Trudeau plays cynical waiting game while children die in Yemen
Ceasefire 16/11/2018 - In February 2018 Foreign Minister Chrystia Freeland addressed the Human Rights Council in Geneva. Minister Freeland singled out Syria as an egregious example of atrocities against civilians by the Assad regime. She raised cases of human rights abuses and lack of accountability in Venezuela, Egypt, Sri Lanka, and North Korea. But not a word about Yemen. Not a word about a conflict where civilians including children are repeatedly targeted by the Saudi-led coalition and where their illegal economic blockade has put 14 million Yemenis at imminent risk of starvation. The latest atrocities include Saudi troops firing on civilians demonstrating against the presence of foreign forces in their land and buses of fleeing citizens being targeted by air strikes. Yemen is not a theoretical case for Canada. Canadian-build armoured vehicles (called “light” but in fact heavily armoured) have been used by Saudi Arabia throughout its war in Yemen. The Toronto Star on Friday, 16 November carried this plea by the heads of three Canadian non-governmental organizations working in Yemen, Bill Chambers, President of Save the Children Canada; Julie Delahanty, Executive Director of Oxfam Canada; and Gillian Barth, President of CARE Canada: The time has long come for Canada to join countries like Germany, Belgium, Finland, Norway, and Sweden, and suspend its military assistance to parties to the conflict in Yemen. Yet, all we continue to hear from the Prime Minister and Foreign Minister are excuses for why Canada cannot end this unconscionable military assistance to Saudi Arabia. Jobs could be affected, penalties might be incurred, our reputation as a good supplier might be sullied. We say we are a global champion of human rights. But apparently that is only the case when there is no price to be paid by Canada, when we have no commercial interests in play, Peggy Mason says. Read more - Lire plus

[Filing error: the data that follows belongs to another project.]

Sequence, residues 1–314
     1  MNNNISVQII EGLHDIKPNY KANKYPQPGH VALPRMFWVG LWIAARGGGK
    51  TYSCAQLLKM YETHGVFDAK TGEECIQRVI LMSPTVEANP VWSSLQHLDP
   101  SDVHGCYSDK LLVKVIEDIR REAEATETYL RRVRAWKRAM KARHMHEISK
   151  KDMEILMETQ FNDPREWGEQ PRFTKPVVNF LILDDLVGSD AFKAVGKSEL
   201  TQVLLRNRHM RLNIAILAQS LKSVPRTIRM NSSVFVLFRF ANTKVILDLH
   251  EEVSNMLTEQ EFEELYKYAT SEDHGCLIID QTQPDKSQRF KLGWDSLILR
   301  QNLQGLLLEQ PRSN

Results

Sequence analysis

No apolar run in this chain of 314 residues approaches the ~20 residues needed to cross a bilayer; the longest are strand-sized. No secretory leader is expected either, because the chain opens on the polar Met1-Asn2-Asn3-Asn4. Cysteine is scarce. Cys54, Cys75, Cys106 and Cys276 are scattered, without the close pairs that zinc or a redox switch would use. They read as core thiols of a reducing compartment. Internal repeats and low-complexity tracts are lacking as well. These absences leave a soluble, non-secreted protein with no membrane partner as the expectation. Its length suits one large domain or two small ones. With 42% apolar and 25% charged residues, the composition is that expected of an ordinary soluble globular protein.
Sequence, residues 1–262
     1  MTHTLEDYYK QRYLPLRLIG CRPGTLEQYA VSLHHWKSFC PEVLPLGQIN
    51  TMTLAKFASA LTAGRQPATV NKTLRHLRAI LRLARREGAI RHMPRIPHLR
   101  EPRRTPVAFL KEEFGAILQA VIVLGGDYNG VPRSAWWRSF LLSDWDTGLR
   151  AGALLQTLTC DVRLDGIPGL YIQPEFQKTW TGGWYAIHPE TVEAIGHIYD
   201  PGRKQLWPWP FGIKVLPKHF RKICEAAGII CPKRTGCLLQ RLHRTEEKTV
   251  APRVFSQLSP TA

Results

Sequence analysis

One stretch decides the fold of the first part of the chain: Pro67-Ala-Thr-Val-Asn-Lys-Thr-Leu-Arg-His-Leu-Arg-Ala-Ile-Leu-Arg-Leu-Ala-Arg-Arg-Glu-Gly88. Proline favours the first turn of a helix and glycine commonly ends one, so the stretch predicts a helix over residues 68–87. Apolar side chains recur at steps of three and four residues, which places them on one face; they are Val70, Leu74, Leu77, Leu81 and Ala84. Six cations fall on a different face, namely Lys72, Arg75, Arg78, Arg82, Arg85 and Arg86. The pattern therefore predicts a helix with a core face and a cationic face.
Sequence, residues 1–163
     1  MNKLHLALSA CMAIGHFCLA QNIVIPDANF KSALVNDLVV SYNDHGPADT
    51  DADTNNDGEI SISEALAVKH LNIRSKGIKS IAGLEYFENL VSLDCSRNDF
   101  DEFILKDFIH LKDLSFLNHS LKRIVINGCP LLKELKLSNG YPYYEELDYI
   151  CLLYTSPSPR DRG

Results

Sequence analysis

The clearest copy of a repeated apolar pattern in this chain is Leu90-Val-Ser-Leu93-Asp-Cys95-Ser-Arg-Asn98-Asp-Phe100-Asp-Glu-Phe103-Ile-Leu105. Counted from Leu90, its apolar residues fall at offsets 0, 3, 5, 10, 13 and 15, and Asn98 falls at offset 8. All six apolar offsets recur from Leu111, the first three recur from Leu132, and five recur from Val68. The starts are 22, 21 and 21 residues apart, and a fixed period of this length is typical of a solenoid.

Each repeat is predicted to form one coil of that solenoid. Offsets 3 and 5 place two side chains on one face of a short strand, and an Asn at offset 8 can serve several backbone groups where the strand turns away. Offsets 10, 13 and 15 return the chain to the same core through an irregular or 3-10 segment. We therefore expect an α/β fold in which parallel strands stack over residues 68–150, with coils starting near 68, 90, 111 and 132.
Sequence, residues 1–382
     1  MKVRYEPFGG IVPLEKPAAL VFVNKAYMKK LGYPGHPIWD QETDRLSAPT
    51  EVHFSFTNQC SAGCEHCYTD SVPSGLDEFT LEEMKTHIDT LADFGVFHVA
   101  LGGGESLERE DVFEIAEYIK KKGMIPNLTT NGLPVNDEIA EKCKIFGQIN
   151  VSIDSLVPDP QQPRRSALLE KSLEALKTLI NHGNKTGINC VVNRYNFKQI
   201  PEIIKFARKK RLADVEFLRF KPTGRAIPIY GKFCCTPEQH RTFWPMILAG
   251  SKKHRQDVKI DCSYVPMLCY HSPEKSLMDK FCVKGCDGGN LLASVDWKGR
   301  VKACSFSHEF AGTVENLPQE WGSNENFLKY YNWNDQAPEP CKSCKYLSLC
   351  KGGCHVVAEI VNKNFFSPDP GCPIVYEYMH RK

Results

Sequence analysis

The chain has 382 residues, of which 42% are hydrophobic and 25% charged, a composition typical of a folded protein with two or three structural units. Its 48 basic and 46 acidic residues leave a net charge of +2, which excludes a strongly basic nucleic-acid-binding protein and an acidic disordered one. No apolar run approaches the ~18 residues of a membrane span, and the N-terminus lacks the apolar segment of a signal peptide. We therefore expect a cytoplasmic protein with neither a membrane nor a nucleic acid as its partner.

The Intercept 21/11/2018 - Donald Trump on Tuesday  issued  a statement proclaiming that, notwithstanding the anger toward the Saudi Crown Prince over the gruesome murder of journalist Jamal Khashoggi, “the United States intends to remain a steadfast partner of Saudi Arabia to ensure the interests of our country, Israel and all other partners in the region.” To justify his decision, Trump cited the fact that “Saudi Arabia is the largest oil producing nation in the world” and claimed that “of the $450 billion [the Saudis plan to spend with U.S. companies], $110 billion will be spent on the purchase of military equipment from Boeing, Lockheed Martin, Raytheon and many other great U.S. defense contractors.” This statement instantly and predictably produced  pompous denunciations pretending that Trump’s posture was a deviation from, a grievous violation of, long-standing U.S. values and foreign policy rather than what it actually and obviously is: a perfect example – perhaps stated a little more bluntly and candidly than usual – of how the U.S. has conducted itself in the world since at least the end of World War II. The reaction was so intense because the fairy tale about the U.S. standing up for freedom and human rights in the world is one of the most pervasive and powerful prongs of western propaganda, the one relied upon by U.S. political and media elites to convince not just the U.S. population but also themselves of their own righteousness, even as they spend decades lavishing the world’s worst tyrants and despots with weapons, money, intelligence and diplomatic protection to carry out atrocities of historic proportions. After all, if you have worked in high-level foreign policy positions in Washington, or at the think thanks and academic institutions that support those policies, or in the corporate media outlets that venerate those who rise to the top of those precincts (and which  increasingly hire those security state officials  as news analysts), how do you justify to yourself that you’re still a good person even though you arm, prop up, empower and enable the world’s worst monsters, genocides, and tyrannies? Read more - Lire plus

Jailed Saudi women’s rights activists said to face electric shocks, beatings and other abuse